I've noticed that both my Chromecast v2 and Ultra are happy to direct play multi-channel audio encoded using either Dolby Digital (AC3) or Dolby Digital Plus (EAC3). Anything else (Dolby True HD, Atmos, DTS, DTS-MA, DTS-X) gets transcoded to Dolby Digital at 384 kbit/s. I'm very impressed with the way Emby handles this - it's even smart enough to transcode EAC3 to AC3 when I turn off the AV receiver (and it's just the TV doing the audio decoding). I'm less impressed that it needs to do this at all for the Chromecast Ultra: why do Google think it's OK to market it as 4K HRD capable and yet only support these two codecs? It's particularly bad when DTS gets transcoded to AC3 (one lossy early 90s format to another).
Dolby claim that DD+ is up to twice as efficient as old DD and Netflix are now streaming in DD+ at 640 kbit/s ("the point at which additional quality is imperceivable"). I decided to experiment using Emby's version of ffmpeg on my Synology NAS (a DS918+ running a Celeron J3455). DTS to AC3 at 384k vs. DTS to EAC3 at 640k. I had to set avoid_negative_ts to its default value of "auto" for the EAC3 transcode - Chromecast won't direct play EAC3 streams with negative timestamps. I was concerned that the EAC3 conversion might require more CPU time, but if anything it's faster. The conversion logs are attached.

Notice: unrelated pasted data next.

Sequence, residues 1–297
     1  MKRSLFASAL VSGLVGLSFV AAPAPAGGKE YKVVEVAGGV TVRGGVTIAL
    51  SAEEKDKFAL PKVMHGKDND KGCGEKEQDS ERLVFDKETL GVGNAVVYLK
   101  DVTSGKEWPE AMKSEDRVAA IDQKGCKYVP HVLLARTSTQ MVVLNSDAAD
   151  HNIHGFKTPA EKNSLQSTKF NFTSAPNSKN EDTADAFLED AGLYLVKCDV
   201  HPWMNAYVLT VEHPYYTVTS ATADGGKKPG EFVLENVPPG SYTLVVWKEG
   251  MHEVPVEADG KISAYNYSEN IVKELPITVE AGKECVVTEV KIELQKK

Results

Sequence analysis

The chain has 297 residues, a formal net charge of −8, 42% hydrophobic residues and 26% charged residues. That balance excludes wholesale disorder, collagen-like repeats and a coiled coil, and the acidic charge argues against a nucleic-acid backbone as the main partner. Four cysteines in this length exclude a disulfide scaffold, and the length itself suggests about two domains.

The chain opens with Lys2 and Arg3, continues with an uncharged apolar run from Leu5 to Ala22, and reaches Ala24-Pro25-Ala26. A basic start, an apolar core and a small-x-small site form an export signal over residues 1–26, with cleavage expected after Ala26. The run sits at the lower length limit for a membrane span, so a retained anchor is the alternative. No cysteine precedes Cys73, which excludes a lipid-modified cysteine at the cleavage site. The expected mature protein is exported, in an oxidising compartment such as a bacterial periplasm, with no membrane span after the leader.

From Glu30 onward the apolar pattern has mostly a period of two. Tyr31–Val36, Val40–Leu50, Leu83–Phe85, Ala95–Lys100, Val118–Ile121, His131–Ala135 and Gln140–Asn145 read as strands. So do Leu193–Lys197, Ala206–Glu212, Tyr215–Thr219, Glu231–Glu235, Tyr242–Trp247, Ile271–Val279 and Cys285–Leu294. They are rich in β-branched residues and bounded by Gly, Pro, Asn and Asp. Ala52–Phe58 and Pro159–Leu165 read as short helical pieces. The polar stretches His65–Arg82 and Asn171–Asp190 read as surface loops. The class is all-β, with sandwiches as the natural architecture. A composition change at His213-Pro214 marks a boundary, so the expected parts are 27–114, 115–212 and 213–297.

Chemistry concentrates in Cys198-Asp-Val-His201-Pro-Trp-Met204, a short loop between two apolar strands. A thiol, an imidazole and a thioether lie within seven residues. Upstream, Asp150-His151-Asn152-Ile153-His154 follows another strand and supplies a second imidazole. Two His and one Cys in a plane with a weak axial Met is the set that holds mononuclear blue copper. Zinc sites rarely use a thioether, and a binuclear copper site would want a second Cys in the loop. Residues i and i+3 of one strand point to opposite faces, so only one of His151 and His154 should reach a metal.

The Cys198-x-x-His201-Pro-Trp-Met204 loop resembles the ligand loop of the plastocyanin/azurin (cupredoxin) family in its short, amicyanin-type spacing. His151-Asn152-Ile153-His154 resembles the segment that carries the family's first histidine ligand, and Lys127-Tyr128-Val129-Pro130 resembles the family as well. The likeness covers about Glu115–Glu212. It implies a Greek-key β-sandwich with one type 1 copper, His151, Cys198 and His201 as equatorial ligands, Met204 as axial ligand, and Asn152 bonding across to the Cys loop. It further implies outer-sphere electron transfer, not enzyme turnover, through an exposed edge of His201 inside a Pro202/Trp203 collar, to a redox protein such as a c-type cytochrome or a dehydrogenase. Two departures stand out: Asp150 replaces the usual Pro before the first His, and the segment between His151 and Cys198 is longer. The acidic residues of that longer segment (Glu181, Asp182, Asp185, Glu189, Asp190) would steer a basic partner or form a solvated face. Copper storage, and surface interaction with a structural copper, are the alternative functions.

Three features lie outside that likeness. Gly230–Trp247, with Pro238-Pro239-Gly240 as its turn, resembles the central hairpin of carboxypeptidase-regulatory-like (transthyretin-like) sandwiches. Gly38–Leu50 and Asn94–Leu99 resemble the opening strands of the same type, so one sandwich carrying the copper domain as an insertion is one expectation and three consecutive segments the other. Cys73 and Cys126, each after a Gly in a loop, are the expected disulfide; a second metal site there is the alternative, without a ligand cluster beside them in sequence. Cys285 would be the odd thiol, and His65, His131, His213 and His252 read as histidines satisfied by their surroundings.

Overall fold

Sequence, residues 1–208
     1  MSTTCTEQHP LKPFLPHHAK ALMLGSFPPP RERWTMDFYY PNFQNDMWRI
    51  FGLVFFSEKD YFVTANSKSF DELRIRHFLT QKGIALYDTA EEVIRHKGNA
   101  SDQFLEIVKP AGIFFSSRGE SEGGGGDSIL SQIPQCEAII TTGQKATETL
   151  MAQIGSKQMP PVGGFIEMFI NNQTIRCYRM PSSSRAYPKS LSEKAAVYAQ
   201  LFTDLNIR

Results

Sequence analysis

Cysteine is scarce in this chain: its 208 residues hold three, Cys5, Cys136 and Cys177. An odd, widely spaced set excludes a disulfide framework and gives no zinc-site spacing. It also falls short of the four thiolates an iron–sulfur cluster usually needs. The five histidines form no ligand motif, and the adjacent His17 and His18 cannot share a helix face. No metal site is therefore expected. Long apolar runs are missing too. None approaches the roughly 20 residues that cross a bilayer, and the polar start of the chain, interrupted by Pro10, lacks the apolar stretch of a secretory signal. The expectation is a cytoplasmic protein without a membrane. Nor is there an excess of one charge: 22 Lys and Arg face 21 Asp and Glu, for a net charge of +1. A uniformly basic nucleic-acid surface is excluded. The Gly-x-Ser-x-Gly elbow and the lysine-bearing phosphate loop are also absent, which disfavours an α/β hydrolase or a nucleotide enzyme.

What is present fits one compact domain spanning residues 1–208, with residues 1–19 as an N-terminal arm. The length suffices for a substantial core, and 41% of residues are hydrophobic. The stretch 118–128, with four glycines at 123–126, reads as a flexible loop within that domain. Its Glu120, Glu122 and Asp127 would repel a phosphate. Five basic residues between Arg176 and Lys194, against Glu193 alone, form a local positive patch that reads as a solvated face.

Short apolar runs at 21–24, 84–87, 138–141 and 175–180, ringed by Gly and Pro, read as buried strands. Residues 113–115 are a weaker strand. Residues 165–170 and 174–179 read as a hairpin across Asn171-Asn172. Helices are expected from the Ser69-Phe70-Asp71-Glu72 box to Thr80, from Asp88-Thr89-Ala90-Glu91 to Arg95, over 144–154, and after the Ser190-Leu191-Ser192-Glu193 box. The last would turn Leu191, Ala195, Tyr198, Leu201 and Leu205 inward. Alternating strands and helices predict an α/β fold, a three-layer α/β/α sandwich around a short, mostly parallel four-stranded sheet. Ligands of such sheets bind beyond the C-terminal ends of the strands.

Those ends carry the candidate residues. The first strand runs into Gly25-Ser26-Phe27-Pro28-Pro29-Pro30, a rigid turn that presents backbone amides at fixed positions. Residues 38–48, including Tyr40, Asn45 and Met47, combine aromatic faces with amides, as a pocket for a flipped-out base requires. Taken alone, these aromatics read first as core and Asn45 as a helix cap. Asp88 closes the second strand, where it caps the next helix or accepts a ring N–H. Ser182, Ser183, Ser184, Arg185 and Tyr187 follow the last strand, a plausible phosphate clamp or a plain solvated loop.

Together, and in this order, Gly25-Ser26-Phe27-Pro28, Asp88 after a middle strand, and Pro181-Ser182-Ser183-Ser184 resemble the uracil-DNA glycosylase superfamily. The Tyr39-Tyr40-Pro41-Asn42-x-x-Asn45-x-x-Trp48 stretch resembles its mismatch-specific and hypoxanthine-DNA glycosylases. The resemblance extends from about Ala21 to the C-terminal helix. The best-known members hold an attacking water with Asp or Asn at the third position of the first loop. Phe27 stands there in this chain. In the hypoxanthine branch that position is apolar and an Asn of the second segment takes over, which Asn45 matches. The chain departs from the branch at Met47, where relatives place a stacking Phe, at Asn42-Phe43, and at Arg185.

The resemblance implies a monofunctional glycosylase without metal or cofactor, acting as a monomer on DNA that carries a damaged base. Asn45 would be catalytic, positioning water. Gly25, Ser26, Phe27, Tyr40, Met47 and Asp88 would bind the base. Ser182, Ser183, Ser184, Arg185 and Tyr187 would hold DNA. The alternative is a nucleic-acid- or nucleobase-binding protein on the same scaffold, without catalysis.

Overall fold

I won't claim to have the best equipment or ears (MP3 at 320k is fine by me), but I can hear the difference. The Mad Men opening theme (test file I used) sounds better to me in the EAC3 version, particularly the cymbals. What do the Emby developers think about transcoding to EAC3 at 640k when it's supported by the playback device? An easy win for better audio quality, or just another wild idea from a clueless audiophile?